NOTE: Colorado College is responding to Coronavirus (COVID-19) developments. Summer Block A & B classes are being delivered via distance learning. Admission open houses and visits are canceled. See Coronavirus Updates & Resources here.
Since the Enlightenment, philosophers and historians have argued that individual freedom and autonomy depend upon the confinement of religious beliefs and practices to the private sphere. On their view, the spread and entrenchment of institutions of modernity would result in the decline of religion as an active moral and political force. These modern ways of thinking assume that there are discrete entities called religion and the secular; where the latter is conceived as the arena of activities such as politics, economics and science in which religion has no place.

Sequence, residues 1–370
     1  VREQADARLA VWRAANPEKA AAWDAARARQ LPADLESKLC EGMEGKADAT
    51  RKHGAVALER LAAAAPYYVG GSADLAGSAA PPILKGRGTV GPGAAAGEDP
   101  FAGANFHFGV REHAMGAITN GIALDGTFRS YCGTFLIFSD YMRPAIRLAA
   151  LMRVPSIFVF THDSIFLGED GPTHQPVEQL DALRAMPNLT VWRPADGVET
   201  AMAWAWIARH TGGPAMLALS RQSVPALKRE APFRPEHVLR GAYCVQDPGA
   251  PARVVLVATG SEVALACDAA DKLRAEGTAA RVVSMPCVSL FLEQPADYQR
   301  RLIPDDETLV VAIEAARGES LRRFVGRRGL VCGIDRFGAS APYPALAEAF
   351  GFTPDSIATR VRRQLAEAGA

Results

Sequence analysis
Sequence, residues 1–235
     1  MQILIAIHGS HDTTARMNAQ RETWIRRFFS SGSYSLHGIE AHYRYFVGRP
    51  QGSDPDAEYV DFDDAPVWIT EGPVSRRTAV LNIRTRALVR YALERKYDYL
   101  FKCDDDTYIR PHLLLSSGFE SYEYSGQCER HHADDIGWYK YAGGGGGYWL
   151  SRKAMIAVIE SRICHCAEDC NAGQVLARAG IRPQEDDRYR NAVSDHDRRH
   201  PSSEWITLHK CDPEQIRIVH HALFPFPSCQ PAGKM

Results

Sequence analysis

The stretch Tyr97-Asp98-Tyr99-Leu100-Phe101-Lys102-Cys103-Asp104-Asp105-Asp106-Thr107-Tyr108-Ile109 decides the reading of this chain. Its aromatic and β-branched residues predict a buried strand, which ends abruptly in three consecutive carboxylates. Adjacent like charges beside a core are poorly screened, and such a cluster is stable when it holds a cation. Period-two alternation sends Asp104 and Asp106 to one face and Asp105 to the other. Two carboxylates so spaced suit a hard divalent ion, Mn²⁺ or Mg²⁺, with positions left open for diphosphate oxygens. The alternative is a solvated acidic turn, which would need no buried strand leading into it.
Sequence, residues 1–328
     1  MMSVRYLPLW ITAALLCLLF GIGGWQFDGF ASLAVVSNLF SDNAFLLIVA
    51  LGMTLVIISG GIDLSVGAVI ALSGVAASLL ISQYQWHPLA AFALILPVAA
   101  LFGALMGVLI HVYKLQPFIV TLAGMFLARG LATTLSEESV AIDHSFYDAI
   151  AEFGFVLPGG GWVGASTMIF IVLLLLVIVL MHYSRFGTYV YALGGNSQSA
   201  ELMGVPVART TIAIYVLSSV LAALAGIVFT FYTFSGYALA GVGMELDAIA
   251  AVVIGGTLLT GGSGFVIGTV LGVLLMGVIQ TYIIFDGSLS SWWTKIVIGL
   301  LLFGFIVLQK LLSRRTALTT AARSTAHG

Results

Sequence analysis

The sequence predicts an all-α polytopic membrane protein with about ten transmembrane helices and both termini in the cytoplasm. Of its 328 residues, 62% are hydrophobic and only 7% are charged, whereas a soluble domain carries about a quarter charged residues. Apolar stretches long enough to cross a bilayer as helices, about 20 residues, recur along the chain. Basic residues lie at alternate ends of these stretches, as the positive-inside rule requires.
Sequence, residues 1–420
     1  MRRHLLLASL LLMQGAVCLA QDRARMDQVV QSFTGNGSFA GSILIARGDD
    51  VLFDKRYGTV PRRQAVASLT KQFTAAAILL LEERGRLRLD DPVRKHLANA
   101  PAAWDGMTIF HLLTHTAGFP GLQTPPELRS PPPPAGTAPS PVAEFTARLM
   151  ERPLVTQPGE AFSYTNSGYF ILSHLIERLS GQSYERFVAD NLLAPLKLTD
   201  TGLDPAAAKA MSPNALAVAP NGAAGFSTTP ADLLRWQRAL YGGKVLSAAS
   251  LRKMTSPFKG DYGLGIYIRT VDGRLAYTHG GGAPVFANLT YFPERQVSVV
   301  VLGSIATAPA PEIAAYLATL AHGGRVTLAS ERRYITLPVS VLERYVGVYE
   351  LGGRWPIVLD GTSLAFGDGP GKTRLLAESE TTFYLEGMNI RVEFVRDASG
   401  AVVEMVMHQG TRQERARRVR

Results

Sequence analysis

In this seminar, we will examine the phenomena of religion and the secular and their place in the modern world through close readings of historical, sociological, philosophical and anthropological works that address the question of religion and its relationship to politics in diverse contexts such as the Middle East, South Asia, Europe and the United States. Our aim will be to acquire an understanding of the variety of ways in which the relationship between religion and politics is configured and debated and to complicate our understanding of key concepts and problems such as modernity, progress, freedom, citizenship and belonging, religious difference, toleration, and the question of religious minorities.